Leaders at the University of Alaska Anchorage are grappling with their largest drop in enrollment in years.
The number of students who signed up for UAA classes this fall compared to the year before fell by about 1,500 students, or nearly 10%, according to preliminary data from the University of Alaska system.
The enrollment drop follows a tense state budget battle and accreditation issues for the Anchorage university, and adds additional financial loss to a system that’s already cash-strapped and stressed.
“It’s significant for us,” said Bruce Schultz, UAA’s vice chancellor for student affairs. “It’s one of the largest declines we’ve seen in the last 10 years.”
While UAA, the University of Alaska Fairbanks and the University of Alaska Southeast have struggled for almost a decade with shrinking enrollments, along with colleges across the country, a one-year, 10% decline is “not typical by any means,” according to Robert Anderson, president of the State Higher Education Executive Officers Association.
He described it as “seismic.”
“I think it represents an uncertainty that students and their families feel regarding at what level Alaska will support higher education,” Anderson wrote in an email.
UAA Chancellor Cathy Sandeen said it became apparent this summer that fewer students would show up in the fall — defying projections.
“We keep a dashboard of our admission and enrollment data, and everything was green,” she said. “We were expecting a banner year for fall of 2019. And then in July, all those indicators turned red as fewer and fewer students were enrolling.”
She attributed the decline to a number of factors:
First, university regents voted in April to eliminate UAA’s teacher preparation programs after they lost accreditation.
Then came the summer’s state funding battle sparked by the governor cutting an unprecedented 41% of state funding for the UA system.
In response, university leaders warned they’d have to erase degree programs and shut down whole campuses.
In the middle of all of that, thousands of Alaska students learned there was no money to pay for their college scholarships.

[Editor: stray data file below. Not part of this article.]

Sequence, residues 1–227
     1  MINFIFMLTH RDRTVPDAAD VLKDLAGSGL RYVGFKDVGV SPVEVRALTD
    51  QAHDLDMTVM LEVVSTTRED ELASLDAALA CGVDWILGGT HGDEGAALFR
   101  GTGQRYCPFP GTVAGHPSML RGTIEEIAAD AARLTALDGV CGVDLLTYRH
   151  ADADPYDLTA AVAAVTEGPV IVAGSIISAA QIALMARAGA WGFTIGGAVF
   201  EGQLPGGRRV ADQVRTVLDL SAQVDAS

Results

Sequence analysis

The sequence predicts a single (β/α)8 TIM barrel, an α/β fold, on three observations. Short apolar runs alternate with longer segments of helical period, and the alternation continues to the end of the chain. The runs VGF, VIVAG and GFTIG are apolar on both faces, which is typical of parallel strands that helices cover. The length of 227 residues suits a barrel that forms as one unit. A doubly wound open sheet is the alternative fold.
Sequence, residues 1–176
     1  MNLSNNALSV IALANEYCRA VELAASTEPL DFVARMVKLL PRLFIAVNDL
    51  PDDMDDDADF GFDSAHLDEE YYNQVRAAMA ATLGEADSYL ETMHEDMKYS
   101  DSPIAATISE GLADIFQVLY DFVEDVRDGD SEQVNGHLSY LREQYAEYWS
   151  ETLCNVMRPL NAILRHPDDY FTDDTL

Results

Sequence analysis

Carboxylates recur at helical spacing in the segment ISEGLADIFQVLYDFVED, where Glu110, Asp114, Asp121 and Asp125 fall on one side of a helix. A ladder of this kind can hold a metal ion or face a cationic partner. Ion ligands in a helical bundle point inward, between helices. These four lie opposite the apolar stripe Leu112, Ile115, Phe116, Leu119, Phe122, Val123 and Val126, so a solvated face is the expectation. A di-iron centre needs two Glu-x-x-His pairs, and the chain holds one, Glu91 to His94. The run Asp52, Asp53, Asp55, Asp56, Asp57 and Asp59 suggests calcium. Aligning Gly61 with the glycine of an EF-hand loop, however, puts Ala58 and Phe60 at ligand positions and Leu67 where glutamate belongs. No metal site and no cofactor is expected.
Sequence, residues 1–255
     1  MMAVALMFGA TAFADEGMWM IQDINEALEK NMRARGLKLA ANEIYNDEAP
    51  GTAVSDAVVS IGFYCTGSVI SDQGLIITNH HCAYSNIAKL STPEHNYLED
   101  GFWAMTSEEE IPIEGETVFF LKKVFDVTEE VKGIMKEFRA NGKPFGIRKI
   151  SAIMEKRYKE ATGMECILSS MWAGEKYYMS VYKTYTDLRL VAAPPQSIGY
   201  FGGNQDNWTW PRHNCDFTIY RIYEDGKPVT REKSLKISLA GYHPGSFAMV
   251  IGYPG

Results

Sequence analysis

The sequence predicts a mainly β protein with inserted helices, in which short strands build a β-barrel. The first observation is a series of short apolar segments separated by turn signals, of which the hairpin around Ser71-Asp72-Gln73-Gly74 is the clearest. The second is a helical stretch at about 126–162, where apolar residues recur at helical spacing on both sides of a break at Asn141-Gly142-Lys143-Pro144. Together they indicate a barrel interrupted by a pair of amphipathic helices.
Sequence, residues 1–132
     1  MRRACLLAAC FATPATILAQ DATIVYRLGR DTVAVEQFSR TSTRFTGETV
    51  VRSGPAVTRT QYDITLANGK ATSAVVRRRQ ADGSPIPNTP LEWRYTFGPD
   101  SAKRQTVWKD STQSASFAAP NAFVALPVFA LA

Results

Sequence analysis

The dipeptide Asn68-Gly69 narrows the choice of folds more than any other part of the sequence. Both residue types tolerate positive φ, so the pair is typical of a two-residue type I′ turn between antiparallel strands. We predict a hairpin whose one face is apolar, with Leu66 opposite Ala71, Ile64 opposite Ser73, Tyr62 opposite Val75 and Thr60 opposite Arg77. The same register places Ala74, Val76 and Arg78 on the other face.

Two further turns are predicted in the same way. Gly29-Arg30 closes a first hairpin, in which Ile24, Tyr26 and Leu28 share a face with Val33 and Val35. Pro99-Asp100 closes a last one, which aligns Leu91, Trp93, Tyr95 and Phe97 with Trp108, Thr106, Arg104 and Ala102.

Talk about consolidating the UA system also gained new momentum.
It was a chaotic pile-up of issues during a key time for UAA enrollment, Sandeen said.
“So we had many, many questions from students,” she said. “And during portions of the summer, we didn’t have a lot of good answers for them. We tried to assure them that there still would be substantial programs offered in Anchorage, hang in there with us. But, you know, some of them chose a wait-and-see approach.”
It’s also important to remember that many UAA students are older than the traditional college student, Sandeen said. They’re often working while they’re earning their degrees, and many are the first in their family to go to college.
A lot of them also wait until shortly before the semester starts to enroll in classes, Schultz said.
“It’s just the pattern,” he said. “Because they’re so dependent on financing and wanting to know how much time off they get from work and family obligations, they register in August. And because of the conversations and the negativity that was going through the community about the future of UAA and the statewide budget, our students didn’t register.”
Keon O’Brien is one of the university students who nervously watched the budget back-and-forth play out in the news this summer. He had just finished his freshman year at UAA, studying music.
“I honestly had no clue what I was going to do. I was working three jobs over the summer trying to save up for school,” he said. “I had plans for the fall. And that was sort of all turned on its head. I started looking at transfer options in June, July-ish.”
But, O’Brien said, he didn’t have enough time to transfer out of state.
So he’s still at UAA this year, and he said he notices fewer people on campus, whether in the dorms or in the student union.
O’Brien said he’s still weighing whether to stay at UAA another year, but he’s leaning toward leaving.
Even with the smaller state budget cut agreed to and scholarships going out, O’Brien said staying at UAA feels too risky. He worries about continued funding cuts decimating his program. Some of his friends are already gone.
“Which is really unfortunate because I love UAA. I love all the opportunities I’ve had here. I love the people here,” he said. “And so it’s sort of like, I don’t want to leave, but I sort of have to.”
According to a survey of UAA students who didn’t return this fall, the largest chunk who responded — about 38% — said they were taking a break from college.
“The biggest barrier we have is students deciding not to go to school at all,” Schultz said. “We don’t have students just flowing across state boundaries and among institutions.”
Nearly a quarter cited concerns about costs and financial aid, and 18% said they had transferred to another university.
To adjust to a smaller student body, UAA is offering fewer classes.
This fall, the university had 412 fewer course sections, about a 15% cut, Schultz said.
UAA also expects to be down at least $5.5 million in tuition and fees this year. That’s on top of its slice of the state funding cut: nearly $12.5 million.
Sandeen said UAA is currently reviewing its programs to inform where to cut spending. So are the other universities.
“Right now we’re still in somewhat of a period of uncertainty,” she said. “And I understand where people are coming from, but we’re working as hard as we can to turn this around so that we continue to help people fulfill their dreams.”
Sandeen said UAA also continues to “invest heavily” in recruiting new students and retaining those already enrolled.